Nelly and Kimberly said they talked with boys at those parties who said they were from Boys Town. ... From [Boys Town] year book photos, after examining '83, '84 & '85 yearbooks, Kimberly said [four boys] had all attended some of Larry's parties during the summers of '84 and '85. Nelly was afraid to mention any names but earlier had mentioned a "Brent" (whose picture she didn't find in the yearbooks), who told her he had left Boys Town in '84. Brent was "flown to another city somewhere" in Larry's private plane to "work for someone else" after he and Larry had a disagreement. ...

At the parties there are usually about thirty adults present, male & females, more white than black guests because according to Larry "blacks get ignorant when they drink and tighter with their money and whites spend more money when they're drunk." Also present were some prostitutes (ages unknown but not teenagers) and [illegible] ages 16-22, and Nelly and Kimberly -- about twenty kids total. If a man was interested in a young lady he held out a folded $50 or $100 bill in front of them and whispered something in their ear. Then they went upstairs or to some other area of the house. Nelly and Kimberly said the prostitutes told them they gave half of the money they got to Larry King. Larry also gave some of the boys at these parties new cars. The sexual activity was not always behind closed doors or confined to the upstairs rooms, and sometimes involved more than two people. Couples engaged in sexual activity were same-sex as well as opposite sex. ... The money Joey told Nelly and Kimberly he made "working for Larry" the Webbs took from him supposedly to keep for him. ...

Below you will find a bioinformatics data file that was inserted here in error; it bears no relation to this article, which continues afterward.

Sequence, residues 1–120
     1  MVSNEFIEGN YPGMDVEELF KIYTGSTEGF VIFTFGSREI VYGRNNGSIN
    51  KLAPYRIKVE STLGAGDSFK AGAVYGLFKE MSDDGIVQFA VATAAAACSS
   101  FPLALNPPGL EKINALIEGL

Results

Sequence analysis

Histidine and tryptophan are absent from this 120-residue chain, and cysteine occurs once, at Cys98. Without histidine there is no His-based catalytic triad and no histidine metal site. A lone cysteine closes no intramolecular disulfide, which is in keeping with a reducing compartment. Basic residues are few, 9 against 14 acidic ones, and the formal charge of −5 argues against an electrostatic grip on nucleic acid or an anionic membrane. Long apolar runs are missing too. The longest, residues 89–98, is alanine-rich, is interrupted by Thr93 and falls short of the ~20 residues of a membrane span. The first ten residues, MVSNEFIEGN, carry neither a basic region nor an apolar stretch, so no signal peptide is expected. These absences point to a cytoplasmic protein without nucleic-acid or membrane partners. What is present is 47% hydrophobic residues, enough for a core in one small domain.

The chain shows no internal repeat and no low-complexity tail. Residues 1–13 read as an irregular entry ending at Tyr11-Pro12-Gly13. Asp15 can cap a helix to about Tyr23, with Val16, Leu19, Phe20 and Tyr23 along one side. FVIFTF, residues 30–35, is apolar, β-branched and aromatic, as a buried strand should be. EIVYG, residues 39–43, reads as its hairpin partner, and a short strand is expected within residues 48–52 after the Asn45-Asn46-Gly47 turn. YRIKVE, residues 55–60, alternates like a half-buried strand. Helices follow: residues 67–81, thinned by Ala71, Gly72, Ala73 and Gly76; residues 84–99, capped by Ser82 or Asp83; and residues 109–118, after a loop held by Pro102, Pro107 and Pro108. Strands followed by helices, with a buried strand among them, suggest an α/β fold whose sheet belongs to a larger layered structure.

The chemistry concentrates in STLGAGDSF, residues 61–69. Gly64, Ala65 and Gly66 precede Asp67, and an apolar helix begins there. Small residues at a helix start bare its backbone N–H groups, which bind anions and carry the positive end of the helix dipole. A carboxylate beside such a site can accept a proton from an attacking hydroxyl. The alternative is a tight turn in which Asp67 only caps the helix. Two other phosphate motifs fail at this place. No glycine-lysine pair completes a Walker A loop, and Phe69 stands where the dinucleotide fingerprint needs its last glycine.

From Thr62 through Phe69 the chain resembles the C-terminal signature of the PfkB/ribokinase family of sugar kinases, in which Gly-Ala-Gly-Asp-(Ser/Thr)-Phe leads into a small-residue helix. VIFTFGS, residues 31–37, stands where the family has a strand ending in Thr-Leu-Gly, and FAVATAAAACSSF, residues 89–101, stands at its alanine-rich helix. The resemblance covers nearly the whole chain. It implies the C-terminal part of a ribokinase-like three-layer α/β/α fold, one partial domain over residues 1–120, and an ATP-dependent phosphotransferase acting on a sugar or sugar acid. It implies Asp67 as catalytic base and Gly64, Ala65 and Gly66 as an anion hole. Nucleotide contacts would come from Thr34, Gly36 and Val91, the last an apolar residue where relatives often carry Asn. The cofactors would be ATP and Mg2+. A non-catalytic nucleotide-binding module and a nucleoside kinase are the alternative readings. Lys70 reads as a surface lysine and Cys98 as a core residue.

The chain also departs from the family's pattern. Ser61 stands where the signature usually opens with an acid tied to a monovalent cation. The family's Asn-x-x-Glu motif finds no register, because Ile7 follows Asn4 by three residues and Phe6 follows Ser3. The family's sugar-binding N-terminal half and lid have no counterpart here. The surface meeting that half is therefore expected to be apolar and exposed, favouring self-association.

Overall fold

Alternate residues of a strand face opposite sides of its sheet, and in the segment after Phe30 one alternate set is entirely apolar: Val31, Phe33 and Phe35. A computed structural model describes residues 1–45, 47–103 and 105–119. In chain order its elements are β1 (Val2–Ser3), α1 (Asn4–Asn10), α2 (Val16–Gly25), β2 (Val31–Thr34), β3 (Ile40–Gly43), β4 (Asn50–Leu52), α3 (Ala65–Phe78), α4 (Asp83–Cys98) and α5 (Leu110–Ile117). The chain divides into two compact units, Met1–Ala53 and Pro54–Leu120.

The girls talked about Larry King's power to command underage youth to do his bidding:

Larry claims to donate money to Boys Town and be on the Board of Directors at Girls Club. Nelly said Larry has gotten Boys Town boys and other boys to his home by asking them to do some yard work. If Larry asks the young man to do something and he refuses, Larry might hit him. Nelly said Larry "has a bad temper." Larry also tells the young men they'll get hurt.


Julie Walters' write-up contains the most explosive account by the Patterson Webb girls, which marked the pornography and prostitution network they were caught up in as a scandal of national scope. What they told was so awful, that it screamed for immediate investigation. In the course of attempts by law enforcement personnel and, later on, news media to belittle the children's testimony, however, this particular item from Nelly's account would serve the opposite purpose: How can anything she says be believed, the line went, if she says this? The passage in Julie Walters' handwritten report reads as follows:

Nelly also accompanied Mr. and Mrs. King and [their son] Prince on trips to Chicago, N.Y. and Washington, D.C., beginning when she was 15 years old. She missed twenty-two days of school almost totally due to these trips. Nelly was taken along on the pretense of being Prince's babysitter. Last year she met V.P. George Bush and saw him again at one of the parties Larry gave while on a Washington, D.C. trip. At some of the parties there are just men (as was the case at the party George Bush attended) -- older men and younger men in their early twenties. Nelly said she has seen sodomy committed at those parties. At other parties during Larry's trips, Larry had local prostitutes (in their 20's & 30's) there to entertain his male guests. ...

At these parties, Nelly said every guest had a bodyguard and she saw some of the men wearing guns. All guests had to produce a card which was run through a machine to verify the guest was, in fact, who they said they were. And then each guest was frisked down before entering the party.